Check how your super funds are faring

Most Australians are investors in the share market through their super. Your super funds could invest in a range of investments including global shares, cash, fixed income, bonds, both listed and unlisted infrastructure, both listed and unlisted property, and private equity. Each of these has its own risk profile so while the market is quite volatile at the moment, there will be a higher risk for some assets.

While you don’t select the assets your super fund invests in on your behalf, you do have control over how your super is invested more broadly by contacting your super fund and choosing an investment option. While the investment options differ from fund to fund, most offer options such as conservative, balanced, growth and high growth.

If you don’t choose an investment option, the default option for most funds is either a balanced or growth option – and around 80% of Australian super accounts are invested in their fund’s default option. This means that for most Australians, while your super may have some exposure to higher-risk assets, this would be balanced by lower-risk assets.

COVID-19 has made the investment market more volatile lately. If you’re close to retirement, it could be a concern for you if your super is invested in higher risk assets. At this time in your life, it could be a good idea to have your super invested in a more conservative investment option so you can speak with your super fund about this and they’ll give you advice – or you can consult your financial adviser.

Consider an annuity

Buying a term or lifetime annuity provides you with a guaranteed income stream over a chosen period, regardless of the sequence of investment returns. While an annuity will give you peace of mind, the returns tend to be lower than other higher risk investments, which may not be suitable for everyone, so take this into account.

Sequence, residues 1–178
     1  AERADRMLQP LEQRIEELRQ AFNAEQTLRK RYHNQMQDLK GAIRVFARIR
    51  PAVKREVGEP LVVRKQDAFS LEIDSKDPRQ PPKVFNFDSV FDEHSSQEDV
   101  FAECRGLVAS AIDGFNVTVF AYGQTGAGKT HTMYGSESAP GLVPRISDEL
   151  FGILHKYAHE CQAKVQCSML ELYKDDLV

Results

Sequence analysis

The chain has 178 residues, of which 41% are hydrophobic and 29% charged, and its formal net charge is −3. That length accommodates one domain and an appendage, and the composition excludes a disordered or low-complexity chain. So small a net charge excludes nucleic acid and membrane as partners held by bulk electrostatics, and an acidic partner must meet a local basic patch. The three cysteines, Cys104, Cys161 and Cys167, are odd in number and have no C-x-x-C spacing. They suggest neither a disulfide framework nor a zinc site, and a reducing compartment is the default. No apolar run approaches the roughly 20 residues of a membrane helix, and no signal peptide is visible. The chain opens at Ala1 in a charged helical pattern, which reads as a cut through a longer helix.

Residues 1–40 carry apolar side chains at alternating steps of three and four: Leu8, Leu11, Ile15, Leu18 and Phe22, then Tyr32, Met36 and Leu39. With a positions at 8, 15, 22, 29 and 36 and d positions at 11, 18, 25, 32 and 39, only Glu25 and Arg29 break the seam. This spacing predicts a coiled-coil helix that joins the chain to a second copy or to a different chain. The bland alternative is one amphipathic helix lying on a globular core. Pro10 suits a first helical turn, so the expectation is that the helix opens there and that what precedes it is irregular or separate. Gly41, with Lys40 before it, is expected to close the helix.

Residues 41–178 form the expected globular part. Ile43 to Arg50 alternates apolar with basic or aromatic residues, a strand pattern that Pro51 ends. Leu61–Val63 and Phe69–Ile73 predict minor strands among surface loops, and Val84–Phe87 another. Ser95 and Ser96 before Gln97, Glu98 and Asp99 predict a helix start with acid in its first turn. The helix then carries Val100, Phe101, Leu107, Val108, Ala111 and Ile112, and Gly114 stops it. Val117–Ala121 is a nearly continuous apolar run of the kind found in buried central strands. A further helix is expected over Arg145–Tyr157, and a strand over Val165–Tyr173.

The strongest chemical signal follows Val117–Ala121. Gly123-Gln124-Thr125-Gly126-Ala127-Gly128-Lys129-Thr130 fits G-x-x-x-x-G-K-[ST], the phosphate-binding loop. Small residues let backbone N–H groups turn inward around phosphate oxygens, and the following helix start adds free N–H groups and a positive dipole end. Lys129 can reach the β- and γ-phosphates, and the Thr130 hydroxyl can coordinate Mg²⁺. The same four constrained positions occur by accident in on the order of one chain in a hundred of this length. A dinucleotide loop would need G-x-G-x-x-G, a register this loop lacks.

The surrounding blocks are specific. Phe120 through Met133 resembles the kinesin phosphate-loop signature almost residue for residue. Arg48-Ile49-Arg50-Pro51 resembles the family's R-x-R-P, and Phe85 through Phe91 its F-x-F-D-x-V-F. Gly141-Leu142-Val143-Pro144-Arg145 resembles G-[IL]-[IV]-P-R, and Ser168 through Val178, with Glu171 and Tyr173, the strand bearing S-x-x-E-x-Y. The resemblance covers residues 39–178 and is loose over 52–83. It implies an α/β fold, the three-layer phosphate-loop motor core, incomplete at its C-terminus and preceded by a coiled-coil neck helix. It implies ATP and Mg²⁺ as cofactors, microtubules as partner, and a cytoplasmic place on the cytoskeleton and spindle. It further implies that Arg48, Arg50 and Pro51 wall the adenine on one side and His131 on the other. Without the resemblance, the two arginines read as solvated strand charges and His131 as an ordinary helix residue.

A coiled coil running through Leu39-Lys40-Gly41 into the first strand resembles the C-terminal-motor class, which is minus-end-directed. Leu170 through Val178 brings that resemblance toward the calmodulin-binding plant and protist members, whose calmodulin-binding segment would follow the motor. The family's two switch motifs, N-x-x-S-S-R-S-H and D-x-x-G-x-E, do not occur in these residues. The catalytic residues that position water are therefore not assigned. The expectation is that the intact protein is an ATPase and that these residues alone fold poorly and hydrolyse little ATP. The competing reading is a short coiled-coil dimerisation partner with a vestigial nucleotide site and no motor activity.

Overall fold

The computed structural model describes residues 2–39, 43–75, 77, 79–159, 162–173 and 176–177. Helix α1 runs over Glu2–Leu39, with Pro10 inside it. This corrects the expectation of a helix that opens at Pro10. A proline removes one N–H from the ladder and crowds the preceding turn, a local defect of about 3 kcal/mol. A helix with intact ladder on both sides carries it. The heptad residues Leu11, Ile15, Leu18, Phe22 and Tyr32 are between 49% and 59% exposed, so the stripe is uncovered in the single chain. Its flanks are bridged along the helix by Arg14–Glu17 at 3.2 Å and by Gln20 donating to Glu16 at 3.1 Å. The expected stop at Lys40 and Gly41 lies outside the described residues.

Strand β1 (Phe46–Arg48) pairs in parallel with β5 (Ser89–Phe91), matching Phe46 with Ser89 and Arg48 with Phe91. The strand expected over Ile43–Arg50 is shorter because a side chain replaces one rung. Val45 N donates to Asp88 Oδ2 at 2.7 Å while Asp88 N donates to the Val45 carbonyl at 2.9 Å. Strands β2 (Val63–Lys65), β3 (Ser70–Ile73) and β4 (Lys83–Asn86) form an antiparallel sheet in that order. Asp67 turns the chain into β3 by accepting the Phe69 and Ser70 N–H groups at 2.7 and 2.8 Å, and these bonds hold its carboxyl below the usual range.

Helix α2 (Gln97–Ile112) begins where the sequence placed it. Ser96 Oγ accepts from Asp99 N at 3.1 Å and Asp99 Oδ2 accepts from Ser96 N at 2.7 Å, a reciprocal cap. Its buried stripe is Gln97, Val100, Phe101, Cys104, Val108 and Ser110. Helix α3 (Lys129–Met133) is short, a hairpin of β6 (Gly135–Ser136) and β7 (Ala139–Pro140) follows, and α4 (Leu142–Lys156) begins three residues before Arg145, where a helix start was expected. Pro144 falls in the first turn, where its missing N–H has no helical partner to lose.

Review your spending plans

It’s generally known that new retirees generally spend more than they do later in retirement. Now is a good time to review your spending plans. While COVID-19 is forcing people delay their big trips, any other steps you can take to reduce your spending now will minimise the impact on your retirement portfolio.

If you’re approaching retirement you may be thinking about downsizing your family home. This means you need to sell it and purchase a smaller property or a unit in a retirement village. It could be an ideal time to act on this as real estate prices are at an all time high.

This is a good idea because you can use the extra money you’ll have from selling your home to supplement your super or you could use it as extra liquidity during your retirement.

Also, if you’re on the age pension, you need to be aware when you sell your family home, the money you've gained from downsizing will count towards your means test. Therefore, if you end up with a great deal of extra income, this could result in a reduction, or even the cancellation of your age pension.

If you’re aged over 65 and you’ve lived in your family home for 10 years or more, you can contribute up to $300,000 individually, or $600,000 as a couple, from the sale of your home into your superannuation.

This move can really help you boost the income you can generate in retirement. But before you go down this path, there are some extra eligibility criteria for these large contributions to your super, so you may need to get advice and check if you’re eligible.

Ask your financial adviser about these contributions to your super – usually referred to as ‘Downsizer Contributions.’ These contributions can count towards your Age Pension assets test so check all of this out when you do your planning.

As you can see, downsizing is not as easy as you might first think so it’s best to speak to your financial adviser about the best options for your circumstances.